When a nation sends its young people off to fight in a war, that nation incurs a solemn obligation to those young people. The sending nation has a moral obligation to its people to make sure they are taken care of in the event the receive injuries or sickness resulting from their service in that war. Note, we are making the assumption this is a moral nation.
America set up the Department of Veterans Affairs to oversee the nation’s obligations of medical care to its veterans. The VA as it is known today has grown into a gargantuan bureaucratic behemoth that does a good job overall but it does manifest weaknesses on occasion when it comes to providing timely and effective medical services to the veterans.
One example of the occasional shortcoming of services was so serious it cost a VA secretary, Eric Shinseki, his job. It seems a situation arose where as 40 veterans died at Arizona clinic while waiting for potentially lifesaving care. Management at the Arizona clinic claimed ignorance but the people and Congress were stirred up.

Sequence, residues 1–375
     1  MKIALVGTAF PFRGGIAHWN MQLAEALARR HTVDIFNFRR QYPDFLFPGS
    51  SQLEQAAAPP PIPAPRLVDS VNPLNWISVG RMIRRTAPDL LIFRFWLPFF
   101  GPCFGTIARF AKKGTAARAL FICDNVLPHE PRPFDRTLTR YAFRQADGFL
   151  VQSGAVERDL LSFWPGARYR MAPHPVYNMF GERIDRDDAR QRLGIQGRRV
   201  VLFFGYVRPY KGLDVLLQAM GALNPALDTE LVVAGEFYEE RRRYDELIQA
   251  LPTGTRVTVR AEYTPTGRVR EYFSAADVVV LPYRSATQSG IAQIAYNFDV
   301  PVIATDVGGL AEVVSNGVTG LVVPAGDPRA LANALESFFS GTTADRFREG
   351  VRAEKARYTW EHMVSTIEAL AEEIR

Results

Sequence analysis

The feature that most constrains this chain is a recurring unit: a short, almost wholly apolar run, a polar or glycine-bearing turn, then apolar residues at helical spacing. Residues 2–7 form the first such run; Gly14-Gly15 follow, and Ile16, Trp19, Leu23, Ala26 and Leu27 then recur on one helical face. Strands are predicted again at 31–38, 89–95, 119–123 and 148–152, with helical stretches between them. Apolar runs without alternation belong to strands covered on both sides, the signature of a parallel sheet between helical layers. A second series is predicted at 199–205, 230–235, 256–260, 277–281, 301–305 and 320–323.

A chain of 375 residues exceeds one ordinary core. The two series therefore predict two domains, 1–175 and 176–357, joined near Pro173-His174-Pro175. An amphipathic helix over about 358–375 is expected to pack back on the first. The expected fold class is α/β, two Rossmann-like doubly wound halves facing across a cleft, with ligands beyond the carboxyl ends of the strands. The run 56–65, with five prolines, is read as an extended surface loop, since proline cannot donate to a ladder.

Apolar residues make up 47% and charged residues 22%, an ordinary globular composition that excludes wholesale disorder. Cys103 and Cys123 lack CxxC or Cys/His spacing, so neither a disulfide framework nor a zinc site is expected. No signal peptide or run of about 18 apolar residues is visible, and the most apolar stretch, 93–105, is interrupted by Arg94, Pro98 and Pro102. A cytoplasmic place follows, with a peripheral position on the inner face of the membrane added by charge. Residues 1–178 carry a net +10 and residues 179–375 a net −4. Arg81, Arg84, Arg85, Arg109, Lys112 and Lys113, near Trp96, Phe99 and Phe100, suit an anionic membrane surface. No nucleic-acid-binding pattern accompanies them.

To help stem the tide of complaints Congress came up with the Veterans Affairs Choice Card. In theory, this card will allow former military personnel facing lengthy wait times or who live more than 40 miles from a VA medical facility to seek help from a private medical service provider and the VA will pick up the tab.
Sounds good in theory in theory but the Choice Card program is amassing a large number of complaints. The biggest of which is that the bureaucratic challenges to getting paid by the VA for services rendered is motivating private medical service providers to decline patients who intend to pay with a VA Choice Card.
The situation with the VA Choice Card Program is highlighted in a story on the website al.com titled: 142,000 veterans living in rural Alabama have VA health benefits extended that was submitted by Christopher Harress, firstname.lastname@example.org.
Listen to the podcast episode and you decide.